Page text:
Nearly all armored Humvees are in Iraq and Afghanistan, according to Paul Brown, deputy chief of logistics for the Army National Guard. He has requested the Pentagon deliver 18 of the latest armored Humvees this year to the mobilization centers for training.
That will be good news to Wyatt.
"We can get the training done, if we get the equipment on time," he said.
Still, the new schedule prompted some controversy among state officials. Ohio Gov. Ted Strickland sent a letter to President Bush seeking assurances that equipment such as trucks, armored Humvees, rifles and night-vision goggles will arrive in time.
"I think this Pentagon has sent people into the war zone without adequate equipment, without adequate training in the past, and I don't want it to happen again," Strickland said in an interview.
Brown said equipment is being pulled in all 50 states from National Guard units that are not preparing for overseas deployments and being provided to the units that are. One downside is that Guard units not on alert are left without equipment for training and to perform their stateside duties.
"There's some risk that we're willing to accept" under the new scheme, Brown said.
Col. Corey Carr, the commander of the 76th Brigade Combat Team in Indiana, said his units will get what they need on time.
Staff Sgt. Alan Kirtman, a full-time supply sergeant for the Headquarters and Headquarters Company of the 76th, which is the support company for the 76th, said equipment is waiting at a National Guard base in Indianapolis. This includes uniforms, weapons systems, M-4 rifles, gun sights, night-vision goggles, communications equipment, Humvees and trucks to replace Vietnam-era 2- and 3-ton trucks, Kirtman said.
He said the equipment will be rolled out in early August. That gives them at least six months with the equipment, which is about how long they want.
"Everyone from the brigade commander to privates needs to know how to use it," said Capt. Josh Clark of Fort Wayne, Ind., an assistant brigade engineer.
Most members of the Headquarters and Headquarters Company were shooting Vietnam War-era M-16 rifles instead of the updated, collapsible M-4 that is standard in Iraq. Clark, who was recently in the active-duty Army, was shooting with an M-4. He said the difference between the two guns is minimal.
And it's not as though the Guard members are tenderfoots, Kinyon and others say. Many were once regular military with extensive training. Others had done missions in Iraq or Afghanistan.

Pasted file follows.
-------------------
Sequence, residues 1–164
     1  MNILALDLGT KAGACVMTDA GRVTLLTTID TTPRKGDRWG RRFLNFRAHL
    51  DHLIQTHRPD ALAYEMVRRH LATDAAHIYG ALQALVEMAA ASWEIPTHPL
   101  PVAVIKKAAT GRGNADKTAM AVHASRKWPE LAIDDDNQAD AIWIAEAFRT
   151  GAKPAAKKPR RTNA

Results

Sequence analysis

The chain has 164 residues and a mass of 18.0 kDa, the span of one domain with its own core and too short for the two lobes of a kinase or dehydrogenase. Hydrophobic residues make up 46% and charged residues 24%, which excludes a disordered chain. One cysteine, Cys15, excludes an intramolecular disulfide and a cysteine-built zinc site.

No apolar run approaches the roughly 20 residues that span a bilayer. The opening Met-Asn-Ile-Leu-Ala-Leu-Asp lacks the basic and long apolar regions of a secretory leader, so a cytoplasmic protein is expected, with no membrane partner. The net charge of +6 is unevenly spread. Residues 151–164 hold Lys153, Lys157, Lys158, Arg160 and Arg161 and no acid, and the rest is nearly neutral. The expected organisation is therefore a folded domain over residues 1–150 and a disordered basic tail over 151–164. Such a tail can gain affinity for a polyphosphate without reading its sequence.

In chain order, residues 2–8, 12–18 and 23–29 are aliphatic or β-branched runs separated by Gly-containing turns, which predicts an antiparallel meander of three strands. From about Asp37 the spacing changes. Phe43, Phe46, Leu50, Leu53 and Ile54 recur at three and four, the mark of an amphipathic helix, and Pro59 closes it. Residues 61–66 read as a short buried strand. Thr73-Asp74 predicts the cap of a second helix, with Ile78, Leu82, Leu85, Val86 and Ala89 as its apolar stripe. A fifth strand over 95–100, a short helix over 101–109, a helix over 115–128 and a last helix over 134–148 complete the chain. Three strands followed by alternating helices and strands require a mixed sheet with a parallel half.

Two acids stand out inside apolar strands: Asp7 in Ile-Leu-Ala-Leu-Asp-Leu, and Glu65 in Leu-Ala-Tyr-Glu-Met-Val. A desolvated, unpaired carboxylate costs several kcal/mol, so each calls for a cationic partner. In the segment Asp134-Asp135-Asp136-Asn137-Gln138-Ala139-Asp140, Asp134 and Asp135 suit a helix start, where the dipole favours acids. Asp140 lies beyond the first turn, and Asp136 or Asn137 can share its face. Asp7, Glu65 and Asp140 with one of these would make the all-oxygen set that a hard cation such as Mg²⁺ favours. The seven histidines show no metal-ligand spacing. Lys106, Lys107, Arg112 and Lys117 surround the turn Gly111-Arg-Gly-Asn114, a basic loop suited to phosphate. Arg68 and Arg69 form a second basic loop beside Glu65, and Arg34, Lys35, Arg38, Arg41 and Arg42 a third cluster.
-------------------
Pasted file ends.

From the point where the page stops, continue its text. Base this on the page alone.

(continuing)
For Pfc. Kattie Eldridge, 20, of Moores Hill, Ind., a cook at the Grand Victoria Casino in Rising Sun, Ind., this will be her first deployment. Despite being buffeted by wind-driven sleet, she successfully qualified with her M-9 handgun and her M-4 rifle recently.
"It's scary going over there, but if I fight as I was trained, I should be all right," she said.
Meanwhile, the reconstruction specialists that make up the 34th Engineer Unit of the North Dakota National Guard were conducting their final day of training before deploying to Iraq. They carried the same M-4 rifles they will take to Iraq with all the gadgets attached.
They drove mud-splattered Humvees mounted with gun turrets, long booms designed to pre-empt roadside bombs, and plywood "armor" to simulate the actual feel of the armored vehicles.
1st Lt. Scott Andrews, platoon leader for Kinyon's unit and a police officer at Purdue University, sees a difference in the Guard members since the announcement.
"Everybody is paying a little more attention to the training," he said. "Usually, it's more lighthearted."
Back at home at the end of the weekend's training, Kinyon, a police officer in Carmel, Ind., relaxed with his wife, Amanda, and their children, Katelyn, 4, and Gavin, 18 months. He's planning to tile the kitchen floor before he deploys.
"She's going to have to be a single mother for about a year, and it takes a lot of courage to do that," he said. "A lot of people tell me that a soldier is only as good as his support."